Stacy Rogge-Senterfeit, Co-Chair of Women for Tester, this week shined a light on another out-of-state shadow group called “Concerned Women for America,” which is spending another $200,000 on TV ads attacking Tester’s record of tax cuts for middle class families, responsible decisions and common sense spending cuts. The group does not reveal its donors.
“The Concerned Women for America,” as your women friends will surely tell you, is only the most important women’s policy group in America (after Curves of course).
Congressman Dennis Rehberg’s political brinkmanship and refusal to compromise to avert a national economic crisis has brought a barrage of constituent email that crashed the congressional website and switchboard, a scathing editorial from Montana’s most-read newspaper, and hundreds of critical Facebook posts from the people of Montana.
Problem is, his actions are so ridiculous that the only people he could find to come to his defense are the Moonies. In his angry rant against the Billings Gazette for daring to point out the problems with his actions, Rehberg cites…wait for it…the Washington Times. Not familiar with this paper? You wouldn’t be unless maybe you were a Moonie.
The Washington Times is a daily broadsheet newspaper published in Washington, D.C., the capital of the United States. It was founded in 1982 by Unification Church founder Sun Myung Moon, and until 2010 was owned by News World Communications, an international media conglomerate associated with the church….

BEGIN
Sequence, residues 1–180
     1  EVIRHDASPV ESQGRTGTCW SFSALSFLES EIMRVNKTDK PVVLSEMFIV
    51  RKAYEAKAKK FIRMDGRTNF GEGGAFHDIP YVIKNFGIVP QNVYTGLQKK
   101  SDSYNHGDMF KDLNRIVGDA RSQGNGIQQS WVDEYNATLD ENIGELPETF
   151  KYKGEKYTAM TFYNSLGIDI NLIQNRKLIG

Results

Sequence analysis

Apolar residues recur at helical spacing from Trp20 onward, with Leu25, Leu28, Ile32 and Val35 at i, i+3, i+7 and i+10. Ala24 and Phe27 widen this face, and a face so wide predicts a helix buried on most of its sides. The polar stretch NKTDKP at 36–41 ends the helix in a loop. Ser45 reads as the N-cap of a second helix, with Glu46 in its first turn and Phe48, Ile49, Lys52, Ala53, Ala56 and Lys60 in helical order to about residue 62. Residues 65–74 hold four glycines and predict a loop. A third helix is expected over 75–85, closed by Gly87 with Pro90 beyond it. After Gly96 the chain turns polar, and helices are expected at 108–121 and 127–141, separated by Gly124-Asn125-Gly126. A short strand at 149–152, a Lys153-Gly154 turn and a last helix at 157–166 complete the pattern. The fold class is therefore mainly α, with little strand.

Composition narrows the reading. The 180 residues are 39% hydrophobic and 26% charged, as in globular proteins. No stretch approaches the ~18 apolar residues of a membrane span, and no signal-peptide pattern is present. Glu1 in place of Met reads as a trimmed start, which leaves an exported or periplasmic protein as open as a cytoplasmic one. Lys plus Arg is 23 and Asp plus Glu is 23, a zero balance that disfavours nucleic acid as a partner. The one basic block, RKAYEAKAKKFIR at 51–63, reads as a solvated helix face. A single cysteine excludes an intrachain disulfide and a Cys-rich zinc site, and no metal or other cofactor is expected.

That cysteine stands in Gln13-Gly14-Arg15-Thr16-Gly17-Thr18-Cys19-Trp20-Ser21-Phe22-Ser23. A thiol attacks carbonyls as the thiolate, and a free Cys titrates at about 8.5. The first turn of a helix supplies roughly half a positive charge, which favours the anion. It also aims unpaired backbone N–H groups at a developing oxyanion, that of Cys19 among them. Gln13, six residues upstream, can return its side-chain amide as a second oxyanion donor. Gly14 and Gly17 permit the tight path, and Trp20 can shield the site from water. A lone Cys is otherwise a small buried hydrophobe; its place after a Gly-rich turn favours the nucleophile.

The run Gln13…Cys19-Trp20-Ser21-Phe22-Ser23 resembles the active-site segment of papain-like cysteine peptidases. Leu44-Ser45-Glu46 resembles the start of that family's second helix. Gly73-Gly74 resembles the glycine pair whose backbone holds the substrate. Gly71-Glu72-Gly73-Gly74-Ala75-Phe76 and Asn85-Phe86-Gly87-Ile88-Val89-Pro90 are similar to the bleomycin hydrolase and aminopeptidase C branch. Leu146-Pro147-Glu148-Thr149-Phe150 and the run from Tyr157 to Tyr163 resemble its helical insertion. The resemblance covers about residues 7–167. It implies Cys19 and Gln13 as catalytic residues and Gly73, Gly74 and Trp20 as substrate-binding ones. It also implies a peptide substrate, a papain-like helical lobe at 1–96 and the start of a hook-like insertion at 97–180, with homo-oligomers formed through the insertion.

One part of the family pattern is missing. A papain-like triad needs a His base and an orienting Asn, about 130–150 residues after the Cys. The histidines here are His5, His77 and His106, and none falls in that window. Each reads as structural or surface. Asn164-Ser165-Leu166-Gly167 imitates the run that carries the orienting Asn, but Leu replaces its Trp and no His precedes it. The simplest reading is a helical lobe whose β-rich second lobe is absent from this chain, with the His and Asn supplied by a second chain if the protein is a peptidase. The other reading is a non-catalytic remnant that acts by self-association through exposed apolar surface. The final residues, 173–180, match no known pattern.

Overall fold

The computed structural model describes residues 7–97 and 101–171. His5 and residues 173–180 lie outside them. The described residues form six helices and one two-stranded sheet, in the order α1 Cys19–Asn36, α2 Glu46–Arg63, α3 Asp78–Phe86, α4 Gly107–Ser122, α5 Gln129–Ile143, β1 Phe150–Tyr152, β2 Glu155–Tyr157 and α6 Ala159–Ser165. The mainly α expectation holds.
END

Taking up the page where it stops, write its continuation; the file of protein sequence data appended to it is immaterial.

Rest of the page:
In July 2010 international leaders of the Unification Church issued a letter protesting the direction the Times was taking and urging closer ties between it and the church. In August 2010, a deal was made to sell the Times to a group more closely related to the church. Editor-in-chief Sam Dealey said that this was a welcome development among the Times’ staff.
Congressman Rehberg–who has voted to increase the debt ceiling nine times (yes, NINE TIMES) —is more than willing to listen to extremists who had more success embarrassing Montana than actually creating jobs.
Here’s more of what Congressman Rehberg’s council of economic advisors in the state legislature have in store for Montana:
The Gold Standard – Congressman Rehberg can expect to get a letter asking him to replace US dollars with gold any day now. Rep. Bob Wagner (of CNN fame) introduced a bill that could force Montanans to pay their rent with gold.